Special care is also advised to be taken when taking the Ventolin Evohaler if you have high blood pressure, have an overactive thyroid or have a history of heart problem including angina or an irregular heart rhythm. Please consult a doctor or pharmacist if you call under any of those categories.

Side effects:

I have starred [*] all the side effects I have experienced when taking Ventolin.

  • Allergic reactions [affecting less than 1 in 10,000 people] – Please seek medical attention ASAP if you experience swelling of the face, lips tongue or throat, if you have difficulty with breathing, if you have difficulty swallowing, if you develop an itchy rash, if you feel faint, feel light headed or collapse.
  • Common side effects [affecting less than 1 in 10 people] – Headache*, feeling shaky*, heart palpitations* [please consult doctor about this].
  • Uncommon side effects [affecting less than 1 in 100 people] – mouth and throat irritation, muscle cramps*
  • Rare side effects [affecting less than 1 in 1,000 people] – low blood potassium levels, peripheral dilation [increased blood flow to extremities]
  • Very rare side effects [affecting less than 1 in 10,000 people] – changes in sleep patterns, changes in behaviour [e.g. restlessness, excitability

I have found that Ventolin/Salbutamol has got me out of some sticky situations but if you find that you aren’t responding to your reliever inhaler any more or you are still having issues with your asthma after taking you inhaler, go to the hospital. Don’t hang around because you aren’t sure if your symptoms are bad enough to seek medical advice. Asthma can be life threatening so be pro-active!

Patient information leaflet.

Medication 101: Symbicort

Symbicort was the second of three combination inhalers I have tried and although it worked well for me, I did experience some quite significant side effects that meant that I should change to a different combination inhaler.

Symbicort like Flutiform is a preventer inhaler used to reduce asthma symptoms and prevent attacks. Symbicort contains 2 different medications and is therefore a combination inhaler. Symbicort is made up of a steroid [budesonide] and a long acting bronchodilator [Formoterol], and is indicated for use in people with moderate to severe asthma which isn’t controlled by a low-medium dose steroid inhaler alone.


Symbicort comes in 3 different doses, the 100/6 [containing 100mcg Budesonide and 6mcg Formoterol], the 200/6 and the 400/12.
[Note: these doses are for the Symbicort turbohaler available in the UK, doses for the aerosol versions of Symbicort may vary]

Symbicort tends to be taken as 1-2 inhalations twice daily [max 8 inhalations a day for 100/6 and 200/6 doses]. However, some patients [age 18 and over] may benefit from Symbicort SMART therapy where Symbicort is used as both a preventer and reliever inhaler with a maximum of 12 inhalations taken a day [DO NOT SELF PRESCRIBE THE SMART THERAPY, SPEAK TO YOUR DOCTOR] Please note that the SMART regime is only available in 100/6 and 200/6 doses.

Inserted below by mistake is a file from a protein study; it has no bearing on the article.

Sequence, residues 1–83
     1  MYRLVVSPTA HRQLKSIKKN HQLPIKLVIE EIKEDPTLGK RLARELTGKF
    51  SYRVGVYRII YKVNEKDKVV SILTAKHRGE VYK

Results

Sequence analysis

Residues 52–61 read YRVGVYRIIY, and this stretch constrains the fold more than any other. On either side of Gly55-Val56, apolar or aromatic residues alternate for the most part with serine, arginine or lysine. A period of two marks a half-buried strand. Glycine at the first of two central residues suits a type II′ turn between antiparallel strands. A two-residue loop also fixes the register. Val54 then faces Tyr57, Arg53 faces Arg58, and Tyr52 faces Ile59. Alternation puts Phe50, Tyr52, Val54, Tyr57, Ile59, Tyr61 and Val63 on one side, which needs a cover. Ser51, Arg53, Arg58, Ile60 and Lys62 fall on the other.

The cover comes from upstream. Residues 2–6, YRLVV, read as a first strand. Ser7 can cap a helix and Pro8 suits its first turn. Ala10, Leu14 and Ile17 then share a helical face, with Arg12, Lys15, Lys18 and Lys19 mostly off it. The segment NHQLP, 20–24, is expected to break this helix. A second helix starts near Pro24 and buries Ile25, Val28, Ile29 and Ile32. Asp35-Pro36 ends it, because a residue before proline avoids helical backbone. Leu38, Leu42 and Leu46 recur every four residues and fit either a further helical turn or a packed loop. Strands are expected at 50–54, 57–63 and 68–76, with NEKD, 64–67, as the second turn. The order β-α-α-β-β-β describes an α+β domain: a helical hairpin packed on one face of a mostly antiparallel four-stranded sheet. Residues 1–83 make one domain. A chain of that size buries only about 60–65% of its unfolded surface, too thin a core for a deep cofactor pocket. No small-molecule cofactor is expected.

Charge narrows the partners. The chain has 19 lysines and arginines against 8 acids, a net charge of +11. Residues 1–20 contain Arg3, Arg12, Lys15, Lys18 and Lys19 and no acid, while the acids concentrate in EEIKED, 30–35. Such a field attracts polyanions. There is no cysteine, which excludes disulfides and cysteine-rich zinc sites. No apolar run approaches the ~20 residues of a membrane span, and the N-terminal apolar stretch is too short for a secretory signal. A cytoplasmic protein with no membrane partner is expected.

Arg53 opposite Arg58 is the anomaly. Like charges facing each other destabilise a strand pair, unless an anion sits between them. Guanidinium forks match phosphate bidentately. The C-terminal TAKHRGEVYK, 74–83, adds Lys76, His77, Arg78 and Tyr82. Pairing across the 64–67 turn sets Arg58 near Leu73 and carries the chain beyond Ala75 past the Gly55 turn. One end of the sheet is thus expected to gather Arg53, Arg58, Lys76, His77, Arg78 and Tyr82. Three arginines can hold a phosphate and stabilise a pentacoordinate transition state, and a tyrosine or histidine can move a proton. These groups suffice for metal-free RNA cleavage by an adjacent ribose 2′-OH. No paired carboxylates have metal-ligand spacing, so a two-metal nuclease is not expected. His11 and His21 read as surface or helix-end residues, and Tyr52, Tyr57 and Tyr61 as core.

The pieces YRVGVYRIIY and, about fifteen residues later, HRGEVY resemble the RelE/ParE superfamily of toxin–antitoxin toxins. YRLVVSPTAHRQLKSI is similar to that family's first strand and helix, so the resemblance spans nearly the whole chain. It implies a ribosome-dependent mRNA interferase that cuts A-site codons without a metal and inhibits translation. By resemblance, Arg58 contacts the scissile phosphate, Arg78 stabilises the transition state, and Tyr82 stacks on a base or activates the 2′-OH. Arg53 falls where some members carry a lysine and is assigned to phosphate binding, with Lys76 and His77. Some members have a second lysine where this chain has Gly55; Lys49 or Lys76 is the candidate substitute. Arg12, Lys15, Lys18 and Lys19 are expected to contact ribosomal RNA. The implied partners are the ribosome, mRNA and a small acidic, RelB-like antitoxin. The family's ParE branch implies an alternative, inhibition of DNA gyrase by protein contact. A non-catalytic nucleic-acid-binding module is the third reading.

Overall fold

I took Symbicort from January 2013 all the way through to March 2014, so for quite a long time. I took the 100/6 dose and started off with 2 inhalations twice a day, then had it increased to 3 inhalations twice a day which worked when I wasn’t flaring or didn’t have a cold, but when I was flaring/ill I increased it to 4 inhalation twice a day.


Tell your doctor before you take Symbicort if you have diabetes, a chest infection, high blood pressure, thyroid problems, adrenal problems, low levels of potassium in your blood or severe liver problems.

You should also let your doctor know of you are taking any of the following medications before you take Symbicort including beta-blockers, medication for a fast, uneven or irregular heartbeat, heart failure medications, diuretics, theophylline for asthma, anti-depressants, anti-psychotics, anti-virals used to treat HIV, antibiotics, Parkinson’s medications or thyroid medications.

Side effects:

[I have marked the side effects I have experiences with an asterisk]

Common side effects occurring in less than 1 in 10 people include:
•Heart palpitations *
•Mild sore throat

Uncommon side effects occurring in less than 1 in 100 people include:
•Feeling restless *
•Feeling nervous or agitated
•Disturbed sleep
•Feeling dizzy
•Fast heart beat *
•Muscle cramps * [these would wake me up in the middle of the night and were really painful, but I could usually sort them out quickly]
•Bruising of skin

Rare side effects occurring in less than 1 in 1000 people include:
•Bronchospasm * [I would end up having to take my reliever inhaler after taking Symbicort because of the bronchospasms, and this was the reason I switched to Flutiform]